D.C. families plant vegetable gardens

Mignon Bowie/Howard University News Service | 6/28/2013, midnight
Taleyah Evans, age nine and Dakota Evans, age five were nearly tripping over each other with excitement as they dug ...
Nailah Muhammad, the youngest, and her older brother, Ameer Muhammad, gently cover up one of the vegetable plants. They planted tomatoes, basil, cucumbers, peas and beans. They also planted mint to keep bothersome insects away.

— They decided that the tomato plant would go in the middle and then they gently placed the other vegetable seedlings in select areas of their new garden, courtesy of the Howard University College of Medicine and Howard University Hospital.

Just two blocks away, the Muhammad family was as ecstatic as their children, Zahir, Ameer, Kaleem, Nailah scrambled about their new four-by-four foot garden, breaking up the soil, placing the cucumber, basil, bell pepper and the bean seeds in just the right location around their tomato plant. Then, they planted the sign that made it officially their garden.


The new gardeners proudly display their soil-covered hands as they christen their garden along with, from left, Stephanie Purnell of Howard, their father, Antonio Evans, mother, Michelle Phillips-Evans, and Dr. Michal Young of Howard University College of Medicine and Howard University Hospital.

The two families are part of the 50 Washington families with pre-school and elementary school age children who received free gardens this spring from Howard University.

Physicians, College of Medicine students and other volunteers planted gardens on Saturday, June 15, 2013. The project is called “My Garden,” a free program sponsored by Howard University, and designed to teach children and their parents about the importance of healthy eating and the joy of watching fruits and vegetables grow. The gardens are low maintenance and only need water and sun, and will be maintained by the children.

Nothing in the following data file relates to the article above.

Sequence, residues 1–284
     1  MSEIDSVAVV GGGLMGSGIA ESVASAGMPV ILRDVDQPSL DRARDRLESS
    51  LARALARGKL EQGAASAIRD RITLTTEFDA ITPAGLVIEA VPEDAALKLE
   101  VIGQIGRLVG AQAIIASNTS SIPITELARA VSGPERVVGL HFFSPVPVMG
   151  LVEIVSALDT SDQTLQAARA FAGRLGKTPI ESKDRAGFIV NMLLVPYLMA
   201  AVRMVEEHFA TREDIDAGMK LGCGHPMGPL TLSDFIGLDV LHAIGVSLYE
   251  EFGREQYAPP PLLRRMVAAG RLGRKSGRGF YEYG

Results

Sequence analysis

College of Medicine Dean, Dr. Mark S. Johnson said that the “My Garden” project represents one of the basic tenants of health care. “All health care starts with a healthy diet,. Unfortunately, sometimes families, particularly children, don’t have enough fruits and vegetables in their diets. The problem is even more significant in some of Washington’s food deserts. While this won’t fill all of a families needs when it comes to vegetables, it will help. And it’s a fun, educational experience for children and adults,” Dr. Johnson said.

The Fulton/Chester-Johnson family in southeast Washington was also one of the many families visited last Saturday. Sirahn Fulton, the family’s three-year-old girl, was very enthusiastic about getting her garden started. She didn’t talk much, but her eyes widened with excitement as she dug into the soil and with the help of her parents and grandparents, planted her vegetables. She took special pleasure in placing her own sign that proclaimed the area “Sirahn’s Garden.”

Dr. Michal Young, chair of the Department of Pediatrics and Child Health and Dr. Millicent Collins, also in the Department of Pediatrics, passed out brochures to the families, informing parents on how the vegetables were beneficial to healthy diets and provided the family tips on how to keep their gardens safe from pesky insects.

Washington families with pre-school and elementary school children interested in receiving a free garden next spring, can send their name, address, preferred email address and the names and ages of their children to Project Coordinator Ionnie McNeill at: ionniemcneill@yahoo.com.